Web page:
Theory  E²: Working with Entrepreneurs in Closely-Held Enterprises IX: Interplay Between Entrepreneurs and Maturity, Tasks, Problems and Environment

Theory E²: Working with Entrepreneurs in Closely-Held Enterprises IX: Interplay Between Entrepreneurs and Maturity, Tasks, Problems and Environment

Nature of the Convening Task

We have all observed that different types of leaders tend to be found in different functional units. People who lead sales departments often differ from those who lead production or research-and-development departments. It is surprising, therefore, to discover that leadership styles are rarely related to the nature of the task assigned to a group. Woodward is the major source of analysis with regard to this second criterion.  Building on her research, we have identified four different kinds of organizational tasks: mass production, process production, unit production and specialized production.

Mass Production

Mass production and large-batch production is particularly common in the industrialized world. This is a highly mechanized manufacturing process that is characterized by long production runs of standardized parts. Output often goes into inventory from which orders are filled, because customers do not have special needs. Examples of this type of task include most traditional assembly lines, such as we find in the production of automobiles. More recently we find the use of this production mode in a wide variety of products ranging from fast-food hamburgers to modularized homes.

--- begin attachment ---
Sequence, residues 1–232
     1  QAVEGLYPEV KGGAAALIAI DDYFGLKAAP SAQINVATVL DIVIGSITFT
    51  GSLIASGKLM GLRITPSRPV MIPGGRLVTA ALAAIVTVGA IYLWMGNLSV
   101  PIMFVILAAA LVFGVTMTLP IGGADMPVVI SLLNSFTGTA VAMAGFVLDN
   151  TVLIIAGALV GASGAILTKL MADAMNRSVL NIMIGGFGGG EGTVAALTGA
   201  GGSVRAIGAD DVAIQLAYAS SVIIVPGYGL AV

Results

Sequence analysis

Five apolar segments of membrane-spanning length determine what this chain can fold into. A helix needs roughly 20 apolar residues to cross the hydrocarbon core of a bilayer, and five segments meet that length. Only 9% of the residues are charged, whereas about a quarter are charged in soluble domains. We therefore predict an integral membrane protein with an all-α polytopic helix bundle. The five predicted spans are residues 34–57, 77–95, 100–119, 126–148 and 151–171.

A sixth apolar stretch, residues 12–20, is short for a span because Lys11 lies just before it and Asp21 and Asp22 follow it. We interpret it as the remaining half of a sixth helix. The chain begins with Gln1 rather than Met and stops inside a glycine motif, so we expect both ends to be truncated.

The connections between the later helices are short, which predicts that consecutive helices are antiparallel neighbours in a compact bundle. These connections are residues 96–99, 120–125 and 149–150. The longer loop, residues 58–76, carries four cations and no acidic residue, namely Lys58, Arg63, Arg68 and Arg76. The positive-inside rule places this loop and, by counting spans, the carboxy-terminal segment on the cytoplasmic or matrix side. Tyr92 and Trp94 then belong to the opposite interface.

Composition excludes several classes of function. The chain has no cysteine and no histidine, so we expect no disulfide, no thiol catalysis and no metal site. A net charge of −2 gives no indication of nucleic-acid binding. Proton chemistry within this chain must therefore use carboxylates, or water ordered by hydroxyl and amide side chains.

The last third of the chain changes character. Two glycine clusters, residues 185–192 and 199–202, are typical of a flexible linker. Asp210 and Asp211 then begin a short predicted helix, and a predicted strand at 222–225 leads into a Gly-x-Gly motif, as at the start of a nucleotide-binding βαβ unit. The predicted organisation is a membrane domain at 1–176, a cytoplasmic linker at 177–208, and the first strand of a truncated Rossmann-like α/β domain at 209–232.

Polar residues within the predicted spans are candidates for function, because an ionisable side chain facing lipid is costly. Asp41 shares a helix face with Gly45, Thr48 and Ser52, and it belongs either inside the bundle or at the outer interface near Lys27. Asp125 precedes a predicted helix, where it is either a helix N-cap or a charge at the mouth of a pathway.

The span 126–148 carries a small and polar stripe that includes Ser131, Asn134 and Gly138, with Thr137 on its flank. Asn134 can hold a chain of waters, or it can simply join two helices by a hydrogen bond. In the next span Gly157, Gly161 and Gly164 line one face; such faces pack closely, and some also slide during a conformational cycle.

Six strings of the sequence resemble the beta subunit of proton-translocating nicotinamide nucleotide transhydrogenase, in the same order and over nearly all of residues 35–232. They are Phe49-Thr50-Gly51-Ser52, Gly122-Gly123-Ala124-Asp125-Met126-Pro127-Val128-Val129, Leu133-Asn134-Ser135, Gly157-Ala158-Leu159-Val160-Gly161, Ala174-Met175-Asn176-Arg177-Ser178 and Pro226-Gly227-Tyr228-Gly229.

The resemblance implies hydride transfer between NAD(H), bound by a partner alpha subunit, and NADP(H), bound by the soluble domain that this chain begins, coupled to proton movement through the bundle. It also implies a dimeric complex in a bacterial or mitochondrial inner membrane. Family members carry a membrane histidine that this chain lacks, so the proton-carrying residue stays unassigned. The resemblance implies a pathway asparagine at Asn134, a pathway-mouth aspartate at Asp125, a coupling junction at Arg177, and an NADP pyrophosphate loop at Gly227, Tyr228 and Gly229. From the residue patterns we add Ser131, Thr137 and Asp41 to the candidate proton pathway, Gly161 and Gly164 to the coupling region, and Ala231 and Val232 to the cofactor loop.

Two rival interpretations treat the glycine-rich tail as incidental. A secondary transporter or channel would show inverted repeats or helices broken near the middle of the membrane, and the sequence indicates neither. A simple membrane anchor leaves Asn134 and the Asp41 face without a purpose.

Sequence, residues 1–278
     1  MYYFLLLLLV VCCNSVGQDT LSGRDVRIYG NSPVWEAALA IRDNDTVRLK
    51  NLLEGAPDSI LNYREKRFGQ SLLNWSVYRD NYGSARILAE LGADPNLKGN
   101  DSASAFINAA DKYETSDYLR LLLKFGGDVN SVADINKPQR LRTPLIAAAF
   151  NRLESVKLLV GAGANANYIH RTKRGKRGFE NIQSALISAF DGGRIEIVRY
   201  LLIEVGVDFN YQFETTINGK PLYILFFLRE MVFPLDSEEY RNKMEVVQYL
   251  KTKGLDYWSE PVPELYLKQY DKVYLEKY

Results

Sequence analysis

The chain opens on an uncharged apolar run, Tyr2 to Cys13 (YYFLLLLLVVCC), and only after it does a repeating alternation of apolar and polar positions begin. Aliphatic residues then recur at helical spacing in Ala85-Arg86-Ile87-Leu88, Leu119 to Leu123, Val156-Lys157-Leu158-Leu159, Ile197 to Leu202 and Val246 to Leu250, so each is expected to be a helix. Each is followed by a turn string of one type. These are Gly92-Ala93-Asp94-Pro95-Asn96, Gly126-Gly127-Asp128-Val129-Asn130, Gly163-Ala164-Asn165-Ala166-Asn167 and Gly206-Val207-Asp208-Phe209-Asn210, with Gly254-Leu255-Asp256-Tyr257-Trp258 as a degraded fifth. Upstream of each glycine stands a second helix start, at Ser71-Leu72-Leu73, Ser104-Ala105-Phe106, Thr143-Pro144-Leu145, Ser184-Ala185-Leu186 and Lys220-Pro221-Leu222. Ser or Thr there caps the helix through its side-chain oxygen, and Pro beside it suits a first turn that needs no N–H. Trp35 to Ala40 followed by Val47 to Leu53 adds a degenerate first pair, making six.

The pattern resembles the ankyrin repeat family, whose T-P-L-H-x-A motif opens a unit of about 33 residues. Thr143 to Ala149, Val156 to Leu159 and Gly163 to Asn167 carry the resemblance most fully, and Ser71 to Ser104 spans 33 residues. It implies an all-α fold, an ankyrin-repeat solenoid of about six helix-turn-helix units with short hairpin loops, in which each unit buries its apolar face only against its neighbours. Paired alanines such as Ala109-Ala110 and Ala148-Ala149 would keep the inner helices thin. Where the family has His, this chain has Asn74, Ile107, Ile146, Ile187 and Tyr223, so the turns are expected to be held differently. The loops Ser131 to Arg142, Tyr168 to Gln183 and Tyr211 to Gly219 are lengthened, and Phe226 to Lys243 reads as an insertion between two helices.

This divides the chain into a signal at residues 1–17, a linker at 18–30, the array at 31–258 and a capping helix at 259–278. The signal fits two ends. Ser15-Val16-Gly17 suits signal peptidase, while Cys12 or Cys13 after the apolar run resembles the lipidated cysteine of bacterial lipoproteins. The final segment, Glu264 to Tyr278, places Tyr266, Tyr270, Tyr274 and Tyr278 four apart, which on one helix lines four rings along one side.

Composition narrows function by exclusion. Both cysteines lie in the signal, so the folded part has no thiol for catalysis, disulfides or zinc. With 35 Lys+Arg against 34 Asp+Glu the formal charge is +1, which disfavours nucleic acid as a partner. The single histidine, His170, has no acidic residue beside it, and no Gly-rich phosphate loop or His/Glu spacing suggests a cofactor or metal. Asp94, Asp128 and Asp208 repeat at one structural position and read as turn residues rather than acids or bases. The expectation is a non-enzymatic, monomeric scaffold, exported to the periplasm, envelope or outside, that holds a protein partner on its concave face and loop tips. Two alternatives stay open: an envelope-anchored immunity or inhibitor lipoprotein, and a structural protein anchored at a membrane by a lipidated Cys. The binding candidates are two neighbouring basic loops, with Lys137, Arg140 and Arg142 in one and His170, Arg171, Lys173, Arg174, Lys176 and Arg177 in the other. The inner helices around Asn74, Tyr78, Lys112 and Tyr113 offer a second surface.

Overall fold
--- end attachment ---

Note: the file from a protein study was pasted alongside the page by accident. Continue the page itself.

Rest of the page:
Typically, assertive entrepreneurship is the best match with this type of task, given that repeated, long-term tasks usually require ongoing monitoring and an emphasis on time-sensitive task accomplishment. When mass production is working smoothly, and as an enterprise moves toward higher levels of technology in its mass production processes, participating entrepreneurship may become more appropriate.


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About the Author

William Bergquist

William BergquistWilliam Bergquist, Ph.D. An international coach and consultant, professor in the fields of psychology, management and public administration, author of more than 45 books, and president of a graduate school of psychology. Dr. Bergquist consults on and writes about personal, group, organizational and societal transitions and transformations. His published work ranges from the personal transitions of men and women in their 50s and the struggles of men and women in recovering from strokes to the experiences of freedom among the men and women of Eastern Europe following the collapse of the Soviet Union. In recent years, Bergquist has focused on the processes of organizational coaching. He is coauthor with Agnes Mura of coachbook, co-founder of the International Journal of Coaching in Organizations and co-founder of the International Consortium for Coaching in Organizations. His graduate school (The Professional School of Psychology: offers Master and Doctoral degrees in both clinical and organizational psychology to mature, accomplished adults.

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